The Gendered Archive examines personal, historical artefacts and transferences and the female narratives they embody. Central to the work lies an exploration of women as keepers of history and custodians of the past, with an emphasis on gender and the domestic archive. Collective memories are realised as an interplay of the analogue and the digital, in an attempt to re-imagine the past and re-inform the present.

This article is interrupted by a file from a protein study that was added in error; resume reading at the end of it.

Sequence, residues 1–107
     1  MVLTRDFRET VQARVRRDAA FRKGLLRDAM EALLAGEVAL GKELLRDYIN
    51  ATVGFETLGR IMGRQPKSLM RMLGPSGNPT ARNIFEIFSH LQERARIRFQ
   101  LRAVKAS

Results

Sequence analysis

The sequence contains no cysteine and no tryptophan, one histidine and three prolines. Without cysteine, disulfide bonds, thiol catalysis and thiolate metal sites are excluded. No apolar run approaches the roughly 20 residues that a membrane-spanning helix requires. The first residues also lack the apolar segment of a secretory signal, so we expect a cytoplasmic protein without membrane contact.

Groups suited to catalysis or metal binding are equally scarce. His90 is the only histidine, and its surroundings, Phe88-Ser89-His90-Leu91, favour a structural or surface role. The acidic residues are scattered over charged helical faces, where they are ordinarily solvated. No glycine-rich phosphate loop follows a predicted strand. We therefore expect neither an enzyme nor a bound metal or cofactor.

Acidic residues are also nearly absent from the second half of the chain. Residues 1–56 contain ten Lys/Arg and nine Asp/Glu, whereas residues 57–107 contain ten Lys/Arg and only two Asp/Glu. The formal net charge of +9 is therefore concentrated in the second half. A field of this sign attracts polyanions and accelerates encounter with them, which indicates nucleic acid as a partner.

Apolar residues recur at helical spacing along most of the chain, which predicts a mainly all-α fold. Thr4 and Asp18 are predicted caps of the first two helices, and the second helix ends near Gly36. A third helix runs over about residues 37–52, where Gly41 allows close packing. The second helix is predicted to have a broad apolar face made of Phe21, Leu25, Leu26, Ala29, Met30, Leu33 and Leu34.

The domestic archive encompasses personal possessions, skills, traditions, memories and stories, all transferred through the distaff side and experienced within the familial intimacy of home. Inherited artefacts that contribute to the female archive include photographs, books, jewellery, letters, diaries and recipes and my engagement attempted to reveal the previously hidden archives as temporal and affirming representations, created with contemporary digital transmissions.
'Smaller of the two brown cases...'